Amnesty International warns that Saudi Arabia has ‘ratcheted up the repression’ and that human rights are getting worse
Amnesty International on Monday said Saudi Arabia had failed to act on UN recommendations and “ratcheted up the repression” since 2009, with the arbitrary detention and torture of activists.
The London-based watchdog’s statement was released ahead of a UN Human Rights Council meeting in Geneva on Monday to discuss the oil-rich kingdom’s record, and comes after Riyadh rejected a seat on the UN Security Council, citing the international body’s “double standards” and inability to resolve regional conflicts.
“Saudi Arabia’s previous promises to the UN have been proven to be nothing but hot air,” said Amnesty’s MENA director Philip Luther, accusing the kingdom of relying “on its political and economic clout to deter the international community from criticising its dire human rights record.”
In its report titled “Saudi Arabia: Unfulfilled Promises,” Amnesty criticised “an ongoing crackdown including arbitrary arrests and detention, unfair trials, torture and other ill-treatment over the past four years” in the kingdom.
“Not only have the authorities failed to act, but they have ratcheted up the repression” since 2009, said Luther.
“For all the peaceful activists that have been arbitrary detained, tortured or imprisoned in Saudi Arabia since, the international community has a duty to hold the authorities to account,” he said.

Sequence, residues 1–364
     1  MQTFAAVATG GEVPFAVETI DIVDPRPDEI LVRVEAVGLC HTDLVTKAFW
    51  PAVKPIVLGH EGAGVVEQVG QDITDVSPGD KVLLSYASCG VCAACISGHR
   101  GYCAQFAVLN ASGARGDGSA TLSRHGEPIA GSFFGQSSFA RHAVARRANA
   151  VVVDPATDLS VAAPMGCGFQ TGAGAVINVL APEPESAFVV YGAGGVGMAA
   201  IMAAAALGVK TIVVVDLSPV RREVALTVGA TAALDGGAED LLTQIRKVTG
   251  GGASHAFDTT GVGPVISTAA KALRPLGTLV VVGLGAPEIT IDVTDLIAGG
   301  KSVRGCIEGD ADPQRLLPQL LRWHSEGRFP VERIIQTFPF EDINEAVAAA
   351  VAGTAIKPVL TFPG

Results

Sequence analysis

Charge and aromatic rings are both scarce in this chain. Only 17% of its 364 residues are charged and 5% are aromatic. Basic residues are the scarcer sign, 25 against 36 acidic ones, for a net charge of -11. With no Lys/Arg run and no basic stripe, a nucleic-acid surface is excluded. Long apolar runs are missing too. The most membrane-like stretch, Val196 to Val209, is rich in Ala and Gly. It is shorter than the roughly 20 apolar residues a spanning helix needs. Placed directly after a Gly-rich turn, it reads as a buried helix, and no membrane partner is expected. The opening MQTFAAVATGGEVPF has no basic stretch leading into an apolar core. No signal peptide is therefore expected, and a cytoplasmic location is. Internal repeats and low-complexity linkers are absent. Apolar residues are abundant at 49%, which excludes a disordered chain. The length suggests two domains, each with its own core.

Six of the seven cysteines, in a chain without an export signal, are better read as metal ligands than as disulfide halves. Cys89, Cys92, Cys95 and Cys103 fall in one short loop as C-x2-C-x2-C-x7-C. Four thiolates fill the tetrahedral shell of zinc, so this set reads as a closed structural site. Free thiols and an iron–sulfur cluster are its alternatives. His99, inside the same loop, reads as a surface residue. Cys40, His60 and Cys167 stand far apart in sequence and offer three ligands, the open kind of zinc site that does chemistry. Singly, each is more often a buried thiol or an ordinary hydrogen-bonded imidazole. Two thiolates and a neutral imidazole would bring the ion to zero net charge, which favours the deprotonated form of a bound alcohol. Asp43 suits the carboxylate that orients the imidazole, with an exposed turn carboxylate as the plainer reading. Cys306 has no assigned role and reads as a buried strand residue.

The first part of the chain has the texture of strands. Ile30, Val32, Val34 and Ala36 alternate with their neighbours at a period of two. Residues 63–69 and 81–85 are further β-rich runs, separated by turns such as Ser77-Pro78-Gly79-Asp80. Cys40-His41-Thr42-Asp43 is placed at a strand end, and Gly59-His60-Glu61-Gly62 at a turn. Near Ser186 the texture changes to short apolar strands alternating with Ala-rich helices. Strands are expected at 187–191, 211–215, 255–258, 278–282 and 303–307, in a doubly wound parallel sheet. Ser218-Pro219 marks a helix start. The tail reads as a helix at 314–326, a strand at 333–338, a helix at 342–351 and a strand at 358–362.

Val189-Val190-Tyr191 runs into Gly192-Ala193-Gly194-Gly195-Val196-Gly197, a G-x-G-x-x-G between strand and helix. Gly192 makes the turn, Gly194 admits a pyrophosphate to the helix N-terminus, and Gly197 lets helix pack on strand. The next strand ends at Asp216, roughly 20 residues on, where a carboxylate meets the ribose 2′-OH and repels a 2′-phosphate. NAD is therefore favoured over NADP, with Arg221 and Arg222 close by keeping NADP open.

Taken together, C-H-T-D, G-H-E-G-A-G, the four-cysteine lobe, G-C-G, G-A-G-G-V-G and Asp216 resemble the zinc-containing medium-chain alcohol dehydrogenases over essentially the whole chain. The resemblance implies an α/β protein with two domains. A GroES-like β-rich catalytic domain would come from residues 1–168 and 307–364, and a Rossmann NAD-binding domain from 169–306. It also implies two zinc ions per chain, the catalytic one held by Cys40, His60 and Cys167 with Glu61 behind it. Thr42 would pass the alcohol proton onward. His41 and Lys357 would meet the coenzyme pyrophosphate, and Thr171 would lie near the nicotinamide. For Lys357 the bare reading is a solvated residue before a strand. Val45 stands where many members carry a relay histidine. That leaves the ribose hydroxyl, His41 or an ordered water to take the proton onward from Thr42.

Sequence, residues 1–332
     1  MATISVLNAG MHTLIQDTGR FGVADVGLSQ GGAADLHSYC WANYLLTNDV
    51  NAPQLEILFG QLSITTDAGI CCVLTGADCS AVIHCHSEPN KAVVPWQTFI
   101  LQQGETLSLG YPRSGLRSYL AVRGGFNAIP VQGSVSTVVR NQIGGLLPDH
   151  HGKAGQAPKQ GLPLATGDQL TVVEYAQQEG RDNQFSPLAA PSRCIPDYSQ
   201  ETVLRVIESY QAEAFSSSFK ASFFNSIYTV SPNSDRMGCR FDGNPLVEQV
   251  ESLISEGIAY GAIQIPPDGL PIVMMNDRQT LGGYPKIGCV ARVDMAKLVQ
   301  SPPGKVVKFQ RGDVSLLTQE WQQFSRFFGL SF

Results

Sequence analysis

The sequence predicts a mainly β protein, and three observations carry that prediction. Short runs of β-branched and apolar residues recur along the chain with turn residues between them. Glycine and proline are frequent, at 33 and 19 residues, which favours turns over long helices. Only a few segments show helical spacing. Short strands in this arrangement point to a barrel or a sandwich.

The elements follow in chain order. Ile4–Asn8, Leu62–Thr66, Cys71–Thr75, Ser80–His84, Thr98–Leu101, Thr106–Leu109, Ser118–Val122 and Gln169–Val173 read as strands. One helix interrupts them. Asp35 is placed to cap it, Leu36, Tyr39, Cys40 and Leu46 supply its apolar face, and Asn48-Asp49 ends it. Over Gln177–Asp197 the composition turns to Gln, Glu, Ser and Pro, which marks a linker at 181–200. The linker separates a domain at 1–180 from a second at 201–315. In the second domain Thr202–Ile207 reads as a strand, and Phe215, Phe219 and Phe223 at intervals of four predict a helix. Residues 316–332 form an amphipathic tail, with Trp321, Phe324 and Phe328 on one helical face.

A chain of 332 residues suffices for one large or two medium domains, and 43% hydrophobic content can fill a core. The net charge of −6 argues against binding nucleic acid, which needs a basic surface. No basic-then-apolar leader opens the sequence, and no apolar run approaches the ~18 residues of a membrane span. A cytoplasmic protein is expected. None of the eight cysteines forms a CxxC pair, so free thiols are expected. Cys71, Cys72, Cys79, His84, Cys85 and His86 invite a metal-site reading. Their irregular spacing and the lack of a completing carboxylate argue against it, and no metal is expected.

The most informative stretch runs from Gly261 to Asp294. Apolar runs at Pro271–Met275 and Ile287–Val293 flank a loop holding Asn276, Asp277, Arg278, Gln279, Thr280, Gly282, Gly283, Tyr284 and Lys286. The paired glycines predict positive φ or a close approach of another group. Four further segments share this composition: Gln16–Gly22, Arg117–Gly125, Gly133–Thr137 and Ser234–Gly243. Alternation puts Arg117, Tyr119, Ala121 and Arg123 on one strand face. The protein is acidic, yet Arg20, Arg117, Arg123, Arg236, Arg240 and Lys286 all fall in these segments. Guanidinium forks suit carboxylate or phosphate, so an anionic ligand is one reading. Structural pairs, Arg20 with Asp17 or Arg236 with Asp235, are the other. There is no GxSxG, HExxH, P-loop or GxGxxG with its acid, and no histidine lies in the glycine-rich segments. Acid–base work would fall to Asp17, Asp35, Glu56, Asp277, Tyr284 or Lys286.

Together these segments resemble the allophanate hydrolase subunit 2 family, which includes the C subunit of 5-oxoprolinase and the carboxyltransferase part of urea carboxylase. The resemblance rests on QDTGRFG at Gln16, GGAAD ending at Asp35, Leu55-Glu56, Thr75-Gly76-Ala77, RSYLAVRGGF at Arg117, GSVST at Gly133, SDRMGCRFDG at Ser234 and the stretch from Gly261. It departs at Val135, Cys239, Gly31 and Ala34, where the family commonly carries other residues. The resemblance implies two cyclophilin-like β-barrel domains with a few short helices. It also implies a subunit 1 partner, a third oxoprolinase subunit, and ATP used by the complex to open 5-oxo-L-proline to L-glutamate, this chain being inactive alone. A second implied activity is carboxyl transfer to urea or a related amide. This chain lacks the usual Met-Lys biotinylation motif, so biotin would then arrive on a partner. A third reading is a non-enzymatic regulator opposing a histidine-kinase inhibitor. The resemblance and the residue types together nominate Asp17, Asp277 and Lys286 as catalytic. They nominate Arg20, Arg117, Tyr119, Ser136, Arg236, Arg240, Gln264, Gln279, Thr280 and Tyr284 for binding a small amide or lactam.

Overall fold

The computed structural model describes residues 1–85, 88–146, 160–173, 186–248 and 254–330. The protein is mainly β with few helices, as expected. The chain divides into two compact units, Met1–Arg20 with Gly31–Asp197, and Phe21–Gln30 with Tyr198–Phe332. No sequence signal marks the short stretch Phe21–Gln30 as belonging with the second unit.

Amnesty renewed calls for Saudi authorities to release two prominent rights activists handed heavy jailed terms in March.
Mohammed al-Gahtani and Abdullah al-Hamed were sentenced to 11 and 10 years imprisonment respectively for violating a law on cybercrime by using Twitter to denounce various aspects of political and social life in the ultra-conservative kingdom.
They are co-founders of the independent Saudi Civil and Political Rights Association (ACPRA).
“These men are prisoners of conscience who should be released immediately and unconditionally,” said Luther.
“Their peaceful activism against human rights violations deserves praise not punishment. The only guilty party here is the government,” he added.
Amnesty documented other rights violations it said are committed by Saudi authorities such as “systemic discrimination of women in both law and practise” and “abuse of migrant workers.”
Women in the kingdom are not allowed to drive and need permission from their male guardians to travel.
It also accused the Sunni-ruled kingdom of “discrimination against minority groups,” including Shiites concentrated in the Eastern Province who occasionally protest to demand more rights.
Amnesty also faulted the kingdom for “executions based on summary trials and ‘confessions’ extracted under torture.”
The kingdom has executed 69 people so far this year, according to an AFP count.
Rape, murder, apostasy, armed robbery and drug trafficking are all punishable by death under the Gulf state’s strict version of sharia, or Islamic law.